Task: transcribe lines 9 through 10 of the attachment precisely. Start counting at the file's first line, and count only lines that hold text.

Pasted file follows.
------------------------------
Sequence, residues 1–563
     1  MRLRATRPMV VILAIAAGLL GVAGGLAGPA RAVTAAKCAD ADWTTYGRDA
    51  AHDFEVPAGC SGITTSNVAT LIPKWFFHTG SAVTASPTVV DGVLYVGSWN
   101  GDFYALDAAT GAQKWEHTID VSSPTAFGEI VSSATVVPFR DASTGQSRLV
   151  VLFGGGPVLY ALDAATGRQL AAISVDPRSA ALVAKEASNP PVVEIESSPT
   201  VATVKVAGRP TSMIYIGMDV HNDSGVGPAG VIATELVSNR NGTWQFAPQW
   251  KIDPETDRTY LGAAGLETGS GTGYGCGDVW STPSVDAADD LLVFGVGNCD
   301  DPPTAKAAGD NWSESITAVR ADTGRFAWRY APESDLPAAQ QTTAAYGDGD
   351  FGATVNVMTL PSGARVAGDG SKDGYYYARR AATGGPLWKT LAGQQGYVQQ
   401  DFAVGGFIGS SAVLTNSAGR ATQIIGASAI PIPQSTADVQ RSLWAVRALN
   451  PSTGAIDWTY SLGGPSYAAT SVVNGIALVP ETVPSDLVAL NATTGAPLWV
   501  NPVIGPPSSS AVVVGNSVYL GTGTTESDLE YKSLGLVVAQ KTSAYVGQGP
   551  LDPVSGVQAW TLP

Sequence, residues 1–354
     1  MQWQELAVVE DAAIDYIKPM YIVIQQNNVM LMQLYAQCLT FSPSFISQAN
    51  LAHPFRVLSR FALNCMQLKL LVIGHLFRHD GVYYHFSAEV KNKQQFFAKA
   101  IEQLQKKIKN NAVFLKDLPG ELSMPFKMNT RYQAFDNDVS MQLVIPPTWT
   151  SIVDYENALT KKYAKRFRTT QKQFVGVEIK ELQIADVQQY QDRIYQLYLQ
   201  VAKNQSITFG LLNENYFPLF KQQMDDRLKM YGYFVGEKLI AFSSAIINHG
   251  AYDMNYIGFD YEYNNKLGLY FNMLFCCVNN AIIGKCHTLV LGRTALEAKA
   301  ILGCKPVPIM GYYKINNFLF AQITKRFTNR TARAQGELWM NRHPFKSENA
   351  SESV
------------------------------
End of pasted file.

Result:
   351  FGATVNVMTL PSGARVAGDG SKDGYYYARR AATGGPLWKT LAGQQGYVQQ
   401  DFAVGGFIGS SAVLTNSAGR ATQIIGASAI PIPQSTADVQ RSLWAVRALN